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It actually takes a long time and a lot of hard work to conceive, write and legally enact a new regulation. If there were only half as many bureaucrats at the Environmental Protection Agency (EPA), for example, they simply wouldn’t have the time to pass as many oppressive regulations as they do.

That would both slow down new regulations and make it harder for the regulators to enforce regulations already on the book.

Then, if the Tea Party Congress and the public had the stomach for it, they could start rolling back existing regulations.

For instance, would it drive America into some Dickensian free-market hell to roll back the EPA’s last 10 years of regulations or even 5 years? Would it be possible, a bit at a time, to return to the regulatory regimen of say 1970 - or, if one could dream, 1960? Of course, if there are a few technical adjustments after the rollback, they could be passed by statute - not by regulators.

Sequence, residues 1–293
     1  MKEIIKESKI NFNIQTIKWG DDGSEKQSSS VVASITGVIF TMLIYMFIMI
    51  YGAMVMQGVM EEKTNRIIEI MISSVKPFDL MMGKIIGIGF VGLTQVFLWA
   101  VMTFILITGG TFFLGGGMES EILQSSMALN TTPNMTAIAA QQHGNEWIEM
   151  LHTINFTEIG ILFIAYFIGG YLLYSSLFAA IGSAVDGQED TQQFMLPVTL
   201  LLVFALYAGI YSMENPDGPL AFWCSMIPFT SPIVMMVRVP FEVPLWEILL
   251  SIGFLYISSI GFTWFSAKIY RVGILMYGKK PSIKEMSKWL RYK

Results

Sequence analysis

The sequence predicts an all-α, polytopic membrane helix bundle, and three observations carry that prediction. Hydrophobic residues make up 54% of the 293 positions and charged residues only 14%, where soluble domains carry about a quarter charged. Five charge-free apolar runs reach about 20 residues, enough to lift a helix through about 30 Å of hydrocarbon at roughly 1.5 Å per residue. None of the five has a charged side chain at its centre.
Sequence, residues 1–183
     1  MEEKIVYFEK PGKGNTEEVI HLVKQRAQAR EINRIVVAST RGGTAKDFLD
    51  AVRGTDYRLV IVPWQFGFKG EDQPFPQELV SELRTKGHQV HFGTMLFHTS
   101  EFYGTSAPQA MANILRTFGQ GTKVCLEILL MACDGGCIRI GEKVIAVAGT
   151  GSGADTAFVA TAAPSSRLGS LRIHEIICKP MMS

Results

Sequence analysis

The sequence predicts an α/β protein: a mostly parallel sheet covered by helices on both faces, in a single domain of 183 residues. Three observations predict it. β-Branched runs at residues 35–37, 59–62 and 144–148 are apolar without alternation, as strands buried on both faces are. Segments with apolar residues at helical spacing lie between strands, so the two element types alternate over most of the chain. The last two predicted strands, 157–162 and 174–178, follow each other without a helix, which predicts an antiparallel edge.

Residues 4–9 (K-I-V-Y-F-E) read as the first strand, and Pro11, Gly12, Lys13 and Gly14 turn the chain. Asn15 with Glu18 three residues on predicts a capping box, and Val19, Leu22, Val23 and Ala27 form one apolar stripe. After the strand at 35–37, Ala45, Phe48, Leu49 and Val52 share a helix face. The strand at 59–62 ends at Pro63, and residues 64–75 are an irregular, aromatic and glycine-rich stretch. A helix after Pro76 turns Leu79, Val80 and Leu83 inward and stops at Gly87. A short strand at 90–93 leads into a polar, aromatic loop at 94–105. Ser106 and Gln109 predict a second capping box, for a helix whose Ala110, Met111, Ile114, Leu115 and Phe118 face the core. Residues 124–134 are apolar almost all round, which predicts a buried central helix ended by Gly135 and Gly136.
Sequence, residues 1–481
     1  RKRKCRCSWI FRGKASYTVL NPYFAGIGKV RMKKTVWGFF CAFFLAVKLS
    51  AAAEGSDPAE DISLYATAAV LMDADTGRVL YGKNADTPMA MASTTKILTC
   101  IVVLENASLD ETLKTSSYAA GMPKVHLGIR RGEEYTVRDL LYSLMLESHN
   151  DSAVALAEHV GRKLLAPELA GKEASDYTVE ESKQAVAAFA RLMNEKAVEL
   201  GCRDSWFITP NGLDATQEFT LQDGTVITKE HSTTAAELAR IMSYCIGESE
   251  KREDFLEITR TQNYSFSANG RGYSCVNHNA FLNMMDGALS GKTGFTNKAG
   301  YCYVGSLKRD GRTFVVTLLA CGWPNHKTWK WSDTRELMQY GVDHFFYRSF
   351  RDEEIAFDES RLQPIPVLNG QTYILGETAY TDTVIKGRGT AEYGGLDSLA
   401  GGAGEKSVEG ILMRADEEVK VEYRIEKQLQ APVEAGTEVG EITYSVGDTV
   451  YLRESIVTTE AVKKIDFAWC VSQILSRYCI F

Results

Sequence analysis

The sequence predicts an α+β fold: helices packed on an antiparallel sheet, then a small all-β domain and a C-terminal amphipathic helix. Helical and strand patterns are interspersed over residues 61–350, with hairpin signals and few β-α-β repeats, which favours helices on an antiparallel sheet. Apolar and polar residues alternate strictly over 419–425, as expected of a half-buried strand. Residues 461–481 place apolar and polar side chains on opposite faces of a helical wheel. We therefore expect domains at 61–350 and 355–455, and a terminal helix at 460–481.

My basic point is that while regulations have been passed one at a time over many decades, they can be broadly undone only by collective repeal and resource deprivation.

Tony Blankley is the author of “American Grit: What It Will Take to Survive and Win in the 21st Century” (Regnery, 2009) and vice president of the Edelman public relations firm in Washington.